Can three little letters turn things around at Sonos? Of course not.
Last year, I touched upon a developing story.
With the company laying off ‘an unspecified number’ of employees, its CEO abruptly stepping down, and new deals with rival Amazon, Sonos looked like it was in trouble. In his final statement as CEO, co-founder John MacFarlane admitted that his company faced “stiff competition.”
Sonos, a fiercely-private hardware maker, has carefully guarded its sales figures. Of course, any underperforming company would. The only reputable sales figures we can rely on come from outside analysts.
Take, for example, a report last summer from Strategy Analytics. Thanks to a robust catalog of smart speakers, Amazon readily outperformed Sonos. With an estimated 5 million units shipped, the e-commerce giant had a 77% increase in volume demand. Sonos, meanwhile, only had around 4 million. Not too bad, until you realize that Sonos had been in the home audio business long before Amazon.
So, why did the company fall behind? As MacFarlane noted, top executives, including himself, misjudged voice recognition technology. That mistake led to an eventual dismissal of an unspecified number of employees.
More than a year later, the audio hardware maker is limping on. But with the release of more smart speakers in the audio market, the company may soon see it end. As Business Insider noted, the release of Apple’s much-hyped HomePod now pits Sonos against tech giants worth $2.4 trillion.
So, with Apple and Google now in the market, and Amazon growing popular thanks to Alexa, how does Sonos plan to compete? Simple. Do what Spotify did — or something like it — and hope that it works.
IPO: Sonos’ last-ditch plan to turn things around.
Variety came across some interesting job listings. In recent weeks, Sonos has started looking for personnel to “fill key legal and finance roles.” The listings also mention that the company is now “preparing its financial reporting to comply with rules for public companies.”
Sonos, of course, declined to comment on its Hail Mary pass. A spokesperson merely told Variety,
“We like where our business is and an IPO is something all tech companies think about.”
Among the listings, Sonos has created a new position within the company: a corporate controller. The right candidate would have “current public company experience as a controller or assistance controller.” He or she would also need “prior public accounting experience, preferably Big 4.” The term, of course, refers to the four major accounting companies: PricewaterhouseCoopers, Deloitte, KPMG, and Ernst & Young.
In addition, the job listing states that the company remains in the process of implementing SOX 404 compliance. Congress enacted the Sarbanes-Oxley Act of 2002 to protect investors. Section 404 requires proof of orderly internal financial reporting. Achieving compliance remains an incredibly costly ordeal, something only successful companies preparing to go public do.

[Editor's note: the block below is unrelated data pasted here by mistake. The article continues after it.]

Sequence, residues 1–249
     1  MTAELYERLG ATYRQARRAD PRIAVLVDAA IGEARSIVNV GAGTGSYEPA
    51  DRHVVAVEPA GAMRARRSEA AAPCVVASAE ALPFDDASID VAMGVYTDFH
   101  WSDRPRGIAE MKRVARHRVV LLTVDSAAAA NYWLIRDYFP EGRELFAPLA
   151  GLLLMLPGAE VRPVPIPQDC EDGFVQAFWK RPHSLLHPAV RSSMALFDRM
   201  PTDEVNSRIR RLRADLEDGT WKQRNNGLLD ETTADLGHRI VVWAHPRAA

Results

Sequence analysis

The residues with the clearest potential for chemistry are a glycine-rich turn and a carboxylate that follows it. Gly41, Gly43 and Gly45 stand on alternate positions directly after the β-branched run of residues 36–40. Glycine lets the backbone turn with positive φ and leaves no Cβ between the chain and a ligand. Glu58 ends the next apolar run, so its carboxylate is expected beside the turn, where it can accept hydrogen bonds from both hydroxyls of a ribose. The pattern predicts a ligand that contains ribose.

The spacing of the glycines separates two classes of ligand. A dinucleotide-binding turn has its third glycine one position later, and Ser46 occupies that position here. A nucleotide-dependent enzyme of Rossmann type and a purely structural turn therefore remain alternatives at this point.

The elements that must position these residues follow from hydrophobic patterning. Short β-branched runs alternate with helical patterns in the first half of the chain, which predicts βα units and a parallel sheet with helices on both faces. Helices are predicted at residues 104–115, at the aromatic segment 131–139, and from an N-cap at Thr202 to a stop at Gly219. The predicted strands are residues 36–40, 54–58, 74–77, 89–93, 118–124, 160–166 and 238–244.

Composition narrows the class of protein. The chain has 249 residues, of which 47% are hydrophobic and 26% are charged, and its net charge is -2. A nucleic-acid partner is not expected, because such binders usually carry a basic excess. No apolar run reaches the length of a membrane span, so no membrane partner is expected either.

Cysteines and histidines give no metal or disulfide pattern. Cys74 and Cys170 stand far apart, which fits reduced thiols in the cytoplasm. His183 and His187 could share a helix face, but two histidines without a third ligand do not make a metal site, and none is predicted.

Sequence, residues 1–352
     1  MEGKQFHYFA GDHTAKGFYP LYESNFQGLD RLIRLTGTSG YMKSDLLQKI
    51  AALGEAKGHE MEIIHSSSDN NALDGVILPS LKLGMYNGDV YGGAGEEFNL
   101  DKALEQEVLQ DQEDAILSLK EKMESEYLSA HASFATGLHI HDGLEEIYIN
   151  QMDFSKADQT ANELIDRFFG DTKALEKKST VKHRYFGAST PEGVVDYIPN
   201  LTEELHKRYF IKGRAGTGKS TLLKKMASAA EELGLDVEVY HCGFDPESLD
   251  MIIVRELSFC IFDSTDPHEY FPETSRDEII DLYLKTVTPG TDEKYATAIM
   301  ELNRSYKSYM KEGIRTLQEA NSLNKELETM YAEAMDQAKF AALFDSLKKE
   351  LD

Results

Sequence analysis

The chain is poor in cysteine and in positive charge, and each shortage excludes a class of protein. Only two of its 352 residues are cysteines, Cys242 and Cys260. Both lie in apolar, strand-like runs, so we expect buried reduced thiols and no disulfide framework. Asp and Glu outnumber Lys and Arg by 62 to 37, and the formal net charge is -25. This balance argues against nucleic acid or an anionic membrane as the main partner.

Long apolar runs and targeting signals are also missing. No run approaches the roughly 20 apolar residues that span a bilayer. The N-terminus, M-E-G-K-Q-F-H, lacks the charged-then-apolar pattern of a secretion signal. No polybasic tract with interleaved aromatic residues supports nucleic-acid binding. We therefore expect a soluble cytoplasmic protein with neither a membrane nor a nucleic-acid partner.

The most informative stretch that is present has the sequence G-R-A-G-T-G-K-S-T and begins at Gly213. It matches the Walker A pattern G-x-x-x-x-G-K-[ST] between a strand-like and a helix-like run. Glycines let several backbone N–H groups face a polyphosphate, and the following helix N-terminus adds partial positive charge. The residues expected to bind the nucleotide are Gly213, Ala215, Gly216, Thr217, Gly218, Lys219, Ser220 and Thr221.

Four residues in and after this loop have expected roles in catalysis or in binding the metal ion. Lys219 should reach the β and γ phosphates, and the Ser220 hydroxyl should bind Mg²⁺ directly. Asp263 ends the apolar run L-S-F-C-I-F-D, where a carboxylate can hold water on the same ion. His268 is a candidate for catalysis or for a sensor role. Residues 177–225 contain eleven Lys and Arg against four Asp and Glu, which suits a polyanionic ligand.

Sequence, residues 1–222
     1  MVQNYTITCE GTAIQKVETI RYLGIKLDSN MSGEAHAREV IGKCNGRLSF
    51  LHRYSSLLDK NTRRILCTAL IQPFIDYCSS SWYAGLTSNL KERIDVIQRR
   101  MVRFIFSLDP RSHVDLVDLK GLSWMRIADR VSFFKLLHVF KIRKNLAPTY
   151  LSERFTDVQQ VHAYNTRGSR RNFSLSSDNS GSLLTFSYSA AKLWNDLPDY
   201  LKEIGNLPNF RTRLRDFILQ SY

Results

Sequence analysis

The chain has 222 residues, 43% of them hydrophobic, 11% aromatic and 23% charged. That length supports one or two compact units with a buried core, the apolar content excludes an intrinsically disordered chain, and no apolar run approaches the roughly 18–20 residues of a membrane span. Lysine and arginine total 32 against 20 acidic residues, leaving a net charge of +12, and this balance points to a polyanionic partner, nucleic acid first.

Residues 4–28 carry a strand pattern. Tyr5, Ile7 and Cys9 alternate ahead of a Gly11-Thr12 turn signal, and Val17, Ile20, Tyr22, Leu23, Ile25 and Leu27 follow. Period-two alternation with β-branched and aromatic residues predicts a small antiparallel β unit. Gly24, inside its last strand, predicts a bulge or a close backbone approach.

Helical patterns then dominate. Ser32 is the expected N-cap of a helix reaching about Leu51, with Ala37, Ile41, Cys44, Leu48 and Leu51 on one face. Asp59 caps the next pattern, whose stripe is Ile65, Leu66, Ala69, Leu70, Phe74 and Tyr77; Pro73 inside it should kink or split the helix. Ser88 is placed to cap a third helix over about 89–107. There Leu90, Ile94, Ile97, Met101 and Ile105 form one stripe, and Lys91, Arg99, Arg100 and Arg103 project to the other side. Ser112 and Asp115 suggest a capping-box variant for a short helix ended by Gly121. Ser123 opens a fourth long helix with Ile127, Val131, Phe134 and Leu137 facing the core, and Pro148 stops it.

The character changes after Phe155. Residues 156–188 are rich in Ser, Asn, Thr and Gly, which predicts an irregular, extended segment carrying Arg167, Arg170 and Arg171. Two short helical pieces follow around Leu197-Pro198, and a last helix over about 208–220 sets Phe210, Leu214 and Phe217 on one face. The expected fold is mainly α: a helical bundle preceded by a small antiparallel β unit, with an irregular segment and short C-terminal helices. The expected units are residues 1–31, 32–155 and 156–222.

In another job post, a new company general counsel must have the following experience:
“The successful candidate will have prior experience as GC or deputy GC of a multi-billion dollar public company responsible for all legal matters (including corporate & other regulatory matters, board governance, legal aspects of M&A, legal aspects of commercial contracts, litigation & dispute resolution, privacy, employment contracts, global public policy, etc.).”
Maybe it’s too late to turn things around. But, does Sonos know that?
Charging full-sped ahead, Sonos has beefed up its retail presence. It opened stores in New York, Shangai, and London. Next week, the company will open a store in Berlin. Yet, as Variety notes, the competition (Apple, Amazon, Google) offer speakers “with superior sound.” In fact, writer Janko Roettgers invited users to experience the difference “in person.”
Current CEO Patrick Spence had previously spoken on the subject of preparing for an IPO. He told Variety,
“We are considering whether an IPO would be the next best thing. We are in a strong place, growing, profitable.”
Of course, Spence didn’t share internal or external sales figures to back up his overly-optimistic statement. He previously worked at Blackberry as its Senior Vice President and Managing Director of Global Sales & Regional Marketing. You can see how well that company has done.
Unless Sonos has a secret, effective plan to take down the big 3 hardware makers, expect potential investors to turn a blind eye to the IPO. Oh, and unfortunately, many more employees looking for new jobs.
Featured image by Bloomberg Technology (YouTube screengrab)